'Disappointment' Over Tax Extensions, Calls for Broader Spending Cuts

Connecticut's largest business organization today expressed concern that Governor Malloy's proposed budget extends a number of taxes that were due to expire and called for broader cuts in state spending.

John R. Rathgeber, president and CEO of the Connecticut Business & Industry Association, said businesses were disappointed that the budget allows the corporate tax surcharge, electric generation tax, and insurance premium tax credit limit to survive a June 30 sunset date.

"Connecticut must make its tax system more competitive if we're going to attract private investment, allow businesses to grow, and get people back to work," he said today.

Rathgeber urged the General Assembly to enact further spending cuts, taking immediate steps toward resolving the current budget deficit and addressing the state's long term fiscal obligations.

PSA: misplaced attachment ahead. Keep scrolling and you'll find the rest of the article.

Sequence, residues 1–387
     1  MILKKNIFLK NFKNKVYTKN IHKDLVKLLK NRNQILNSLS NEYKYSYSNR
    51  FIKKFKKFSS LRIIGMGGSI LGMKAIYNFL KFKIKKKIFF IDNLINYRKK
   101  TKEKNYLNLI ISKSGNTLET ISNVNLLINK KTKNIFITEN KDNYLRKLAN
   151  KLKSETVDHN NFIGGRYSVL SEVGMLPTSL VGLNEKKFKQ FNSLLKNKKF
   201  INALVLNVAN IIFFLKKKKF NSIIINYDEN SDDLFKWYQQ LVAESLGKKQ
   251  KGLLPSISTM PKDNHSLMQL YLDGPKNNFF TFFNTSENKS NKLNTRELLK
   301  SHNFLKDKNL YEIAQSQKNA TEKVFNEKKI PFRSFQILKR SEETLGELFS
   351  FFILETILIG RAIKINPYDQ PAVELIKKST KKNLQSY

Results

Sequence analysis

"We need to aggressively pursue policies that will grow the state's economy and close out what has become an endless cycle of budget deficits," he said.

"There's no better economic development tool available today than making the changes needed to control spending, demonstrate fiscal discipline, and make government more efficient."

Last month, CBIA released a report revealing that state government spending jumped 153% since 1992 to more than $20 billion this fiscal year, outpacing population growth, inflation, and median household income.

That report found that while spending on state employee retiree benefits, Medicaid, and corrections grew dramatically, critical priority areas such as education and infrastructure had much lower growth rates over the same period of time.

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CBIA is Connecticut's largest business organization, with 10,000 member companies. For more information, please contact Joe Budd (860.244.1951; joe.budd@cbia.com) or visit the CBIA Newsroom.